In use, brands shift in meaning and become diluted. Bandaid is a registered trademark of Johnson and Johnson. Over time it has, in popular usage, been used to signify any adhesive bandage. Worse, it's often used, even more generally, to describe a superficial covering that obscures a problem but does nothing to alleviate the problem itself.
If that can happen to a trademark being defended by a major corporation, what hope does an informal brand coined by a group of people, some competitors with each other, who gathered to find their common ground. So we have seen the term Agile applied to many things, some which look very un-agile to many long-term practitioners. For some people, "Agile" has become a dirty word, reminding them of micro-management and software development death marches — problems that Agile was intended to solve.
It's no wonder that some have tried to re-brand Agile more specifically, to recover or extend the original meaning. Hence we have Modern Agile created by Josh Kerievsky and Heart of Agile created by Alistair Cockburn. These both seem attempts to more tightly control the meaning of the brand, restoring its value without restricting its usage.
Circa year 2000, a common question within the eXtreme Programming community was "Do you have to do all 12 (or 13, depending on who was counting) practices of XP to say you're actually doing XP?" What if you left out one practice, such as System Metaphor? This was arguably the least favorite XP practice, and one that many people found difficult to implement in their particular situation.
A related question is this, "Can you still call it XP if you keep doing the heavyweight software development practices that your organization has always done?" Certainly if you have a monthly Change Management Board that meets monthly to review and approve or reject any ideas proposed for development, you're missing the spirit of eXtreme Programming.
These questions try to make a clear distinction between what is and what is not XP. For brands of ideas, this may not be the most important distinction to make. The ideas of Agile Software Development were intended to make software development easier, more productive, and better suited to a changing world and our changing understanding of our goals.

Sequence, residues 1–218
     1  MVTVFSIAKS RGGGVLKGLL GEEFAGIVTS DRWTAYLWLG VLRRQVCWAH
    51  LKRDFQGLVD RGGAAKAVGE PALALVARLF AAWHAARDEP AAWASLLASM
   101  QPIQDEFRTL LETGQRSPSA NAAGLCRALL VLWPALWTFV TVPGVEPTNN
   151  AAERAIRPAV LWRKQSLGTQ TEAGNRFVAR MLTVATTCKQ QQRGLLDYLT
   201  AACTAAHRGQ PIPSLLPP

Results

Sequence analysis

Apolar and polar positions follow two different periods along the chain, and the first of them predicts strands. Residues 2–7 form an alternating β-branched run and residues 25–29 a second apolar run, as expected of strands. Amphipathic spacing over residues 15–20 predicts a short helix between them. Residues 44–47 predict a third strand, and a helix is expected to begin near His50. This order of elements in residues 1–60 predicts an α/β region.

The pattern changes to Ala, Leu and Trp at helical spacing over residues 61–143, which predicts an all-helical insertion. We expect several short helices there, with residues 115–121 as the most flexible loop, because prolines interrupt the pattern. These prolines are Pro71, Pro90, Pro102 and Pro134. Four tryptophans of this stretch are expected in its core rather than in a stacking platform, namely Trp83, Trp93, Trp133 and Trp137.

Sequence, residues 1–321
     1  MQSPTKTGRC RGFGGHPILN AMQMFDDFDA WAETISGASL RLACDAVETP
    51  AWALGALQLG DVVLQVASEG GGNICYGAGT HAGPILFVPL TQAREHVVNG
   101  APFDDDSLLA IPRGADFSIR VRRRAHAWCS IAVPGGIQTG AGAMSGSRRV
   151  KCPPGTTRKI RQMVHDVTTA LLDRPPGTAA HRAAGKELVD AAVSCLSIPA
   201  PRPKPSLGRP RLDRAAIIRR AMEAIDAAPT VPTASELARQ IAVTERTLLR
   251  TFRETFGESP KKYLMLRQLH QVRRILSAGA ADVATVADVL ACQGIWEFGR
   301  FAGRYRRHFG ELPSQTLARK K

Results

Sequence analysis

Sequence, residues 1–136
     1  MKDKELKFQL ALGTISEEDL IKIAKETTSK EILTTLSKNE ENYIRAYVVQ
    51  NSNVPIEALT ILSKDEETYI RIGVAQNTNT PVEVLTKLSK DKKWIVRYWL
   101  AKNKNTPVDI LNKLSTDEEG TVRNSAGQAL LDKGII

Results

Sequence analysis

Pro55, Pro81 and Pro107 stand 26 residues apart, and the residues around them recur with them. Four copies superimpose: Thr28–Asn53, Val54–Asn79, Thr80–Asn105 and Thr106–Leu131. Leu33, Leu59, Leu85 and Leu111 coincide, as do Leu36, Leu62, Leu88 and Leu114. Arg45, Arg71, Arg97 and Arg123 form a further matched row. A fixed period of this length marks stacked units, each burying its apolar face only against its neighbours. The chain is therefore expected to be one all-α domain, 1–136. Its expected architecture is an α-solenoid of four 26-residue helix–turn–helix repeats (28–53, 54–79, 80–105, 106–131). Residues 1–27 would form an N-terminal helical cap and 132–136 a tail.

Paul Raynor, speaking of Behavior Driven Development at CukeUp 2015, reached for the work of Paul G. Hiebert in his studies of Christian missionary methods. (http://thepaulrayner.com/bdd-is-a-centered-rather-than-a-bounded-community/) and suggested the concept of a centered rather than bounded community. This makes it harder to draw a line between inside and outside the community, but it makes it easier to focus on the reasons you created the community in the first place.
The purpose of this essay exploring how we think about ideas is to bring clarity to why we're attracted to those ideas and why we want our actions to be guided by them. I didn't get involved with eXtreme Programming because I was attracted by the brand name. Instead, I found the ideas within it congruent with what I'd previously found helpful. Investigating the brand introduced me to new ideas that, while they were foreign to my previous experience, were being touted as also helpful. And I acquired fellowship with a community of people who had an overlap of goals and experience with mine.
This does not mean that my goal is strengthening the XP community. My goal is to become better at what I do, and I don't restrict myself to the ideas centered around XP. I will, however, appreciate the XP community with fondness for how much I grew in association with that community. I still find the ideas centered by XP to be very valuable, and continue to use them where appropriate.
P.S. What are your thoughts on branding vs ideas? If you want to talk about it, we can use my Discovery Session mechanism to set it up. Let's talk!